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Alka Documentation (Deprecated)
Alka Documentation

Key Concepts

These are the basic ideas that build up Alka

💰 – Accounts & Categories
, we follow our own Law of Conservation of Money, which states that money never disappears—it only moves from one account to another. At their most basic level, accounts and categories are handled in a very similar way and both can be referenced simply as 'accounts'.

As an example, if you ever have a transaction where you've spent $50 on a dinner with your friend Bob, it basically means that you have moved money from, let's say, your account 'Chase/Credit Card' into the 'Expenses/Food/Restaurants' and 'IOU/Bob' accounts.

Protip: You can nest accounts together by adding / in between an account's name and its parent.

What is the difference?
Accounts tend to be grouped under 'Assets & Liabilities' (aka Balance Sheet Accounts) while Categories will be grouped under 'Income & Expenses' (aka Income Statement Accounts).

In short, Balance Sheet Accounts are all those accounts where knowing their exact balance at any point in time is important (ie. Credit Cards, Investments, Loans, etc.). On the other hand, Income Statement Accounts represent the inflow and outflow of money (ie. Salary, Utilities, Supplies, etc.).

External Categories
Whenever new transactions get added into your ledger through any of your connections, we try our best to categorize them based on the information we receive from your bank.

Nonetheless, these categories might not actually be accurate. For example, you could end up with both Uber Ride and Uber Eats transactions categorized under the same 'Transportation' categories whereas the latter would make more sense to be categorized as 'Delivery'.

External Categories should mostly be seen as a hint towards where your transactions should go but not as a last destination. Our recommendation would be to create your own categories in a way that fits how you look at your finances.

Type & Subtype
This will allow you to further categorize your accounts and categories into specific groups without having to necessarily nest them together.


As an example, adding an 'Online' type to all your online account providers will help you identify them easily, regardless of the institution it belongs to.

Protip: You can group your accounts by type by adding groupBy:type in your Display Query.


🏦 – Chart of Accounts
This is the place where you'll find a complete list of /; as well as create, delete or modify all your accounts.

By drilling into your Chart of Accounts, you can quickly gather information about each account's 'Book Balance' compared against 'Bank Balance', know when it was last synced, the total amount of postings in it and even update an account's balance.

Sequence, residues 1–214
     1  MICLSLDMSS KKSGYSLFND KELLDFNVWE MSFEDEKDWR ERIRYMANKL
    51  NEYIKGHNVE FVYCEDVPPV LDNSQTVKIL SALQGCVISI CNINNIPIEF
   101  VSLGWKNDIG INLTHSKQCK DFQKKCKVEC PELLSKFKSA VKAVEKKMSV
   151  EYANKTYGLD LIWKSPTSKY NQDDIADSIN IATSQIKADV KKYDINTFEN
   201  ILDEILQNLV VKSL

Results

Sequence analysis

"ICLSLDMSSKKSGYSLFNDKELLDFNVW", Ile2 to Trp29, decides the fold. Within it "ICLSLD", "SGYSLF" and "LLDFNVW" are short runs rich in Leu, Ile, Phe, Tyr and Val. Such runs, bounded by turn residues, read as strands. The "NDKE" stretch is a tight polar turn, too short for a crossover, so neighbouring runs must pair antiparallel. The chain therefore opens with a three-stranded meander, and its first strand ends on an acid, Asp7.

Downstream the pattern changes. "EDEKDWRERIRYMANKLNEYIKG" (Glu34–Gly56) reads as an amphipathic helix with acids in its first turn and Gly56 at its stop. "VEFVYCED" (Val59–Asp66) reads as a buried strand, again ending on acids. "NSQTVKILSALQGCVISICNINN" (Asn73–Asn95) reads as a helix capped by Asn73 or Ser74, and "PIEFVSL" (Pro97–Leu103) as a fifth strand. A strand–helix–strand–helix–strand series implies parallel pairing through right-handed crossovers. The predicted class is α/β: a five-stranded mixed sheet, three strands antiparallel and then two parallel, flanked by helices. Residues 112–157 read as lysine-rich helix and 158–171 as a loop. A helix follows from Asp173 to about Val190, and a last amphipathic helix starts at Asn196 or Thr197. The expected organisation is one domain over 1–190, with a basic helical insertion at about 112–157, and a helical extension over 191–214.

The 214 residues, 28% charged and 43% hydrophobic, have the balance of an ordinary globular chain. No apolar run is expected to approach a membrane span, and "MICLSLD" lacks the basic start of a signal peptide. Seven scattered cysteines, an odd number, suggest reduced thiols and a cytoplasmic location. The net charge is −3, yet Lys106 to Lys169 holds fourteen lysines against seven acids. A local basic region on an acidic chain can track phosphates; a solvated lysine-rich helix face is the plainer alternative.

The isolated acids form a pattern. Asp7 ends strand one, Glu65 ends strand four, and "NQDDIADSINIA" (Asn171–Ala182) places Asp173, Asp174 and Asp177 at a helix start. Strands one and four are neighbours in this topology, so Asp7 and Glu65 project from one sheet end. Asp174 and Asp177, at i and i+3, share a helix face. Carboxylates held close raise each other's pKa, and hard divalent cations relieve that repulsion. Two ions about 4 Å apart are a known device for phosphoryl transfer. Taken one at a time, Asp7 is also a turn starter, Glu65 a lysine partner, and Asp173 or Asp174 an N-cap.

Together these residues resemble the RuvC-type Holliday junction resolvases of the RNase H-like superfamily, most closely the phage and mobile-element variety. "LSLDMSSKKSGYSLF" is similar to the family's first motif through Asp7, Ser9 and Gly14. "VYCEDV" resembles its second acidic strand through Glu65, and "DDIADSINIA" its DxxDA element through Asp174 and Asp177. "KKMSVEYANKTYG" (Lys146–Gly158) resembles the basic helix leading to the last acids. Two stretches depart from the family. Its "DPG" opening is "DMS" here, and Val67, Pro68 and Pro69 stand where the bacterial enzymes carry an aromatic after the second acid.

Screen Shot 2020-05-09 at 1.23.37 PM.png

The Chart of Accounts is divided into 3 main groups:

Assets & Liabilities
Also known as Balance Sheet accounts, they are used to categorize those transactions that involve assets you own and liabilities you owe. Their balances represent a "snapshot" of your finances at any given point.

Examples of Balance Sheet accounts include: Cash, Investments, Properties, Accounts Payable, Loans, etc.

Income & Expenses
Also known as Income Statement accounts, they represent all the inflows and outflows of value over a period of time and together help you figure out your Net Income.

Examples of Income Statement accounts include: Restaurants, Salary, Transportation, Sales, Rent, Utilities, etc.

Other accounts
There are certain transactions that might not fit under Assets & Liabilities nor Income & Expenses and therefore are nested under 'Other'.

Examples of Other accounts include: Initial balance, Transfers, Balance Assignments and .

📈 – Financial Report
A financial report is the perfect way of visualizing the in's and out's of how your money is moving through your accounts.

It is composed of a chart and a pivot table that can be configured by selecting a date range, specific accounts and many more settings to drill further into your data.

Protip: Quickly access your financial report by pressing G then R on your keyboard.

The middle line represents you balances, the green bars the inflows and the red bars the outflows. Hovering over any of these items will give you more information about that specific date.


Pivot Table
By default, it consists of a table with a main column showing your accounts and a second column divided onto cells that showcase a an account's balance, the change over a specific period of time and the amount of transactions added during said period.
When clicking on any given cell inside the pivot table, you'll get a full list of all the transactions that occurred in that specific point in time.


Further reading:
@How can I create custom financial reports?

📥 – Inbox
It is the space where you will receive all your ledger's transactions when they created manually, through bank connections or after importing a CSV file.

Whether you take care of your finances every day, a couple of times a week or once a month; the inbox tells you exactly what needs your attention at any given point in time.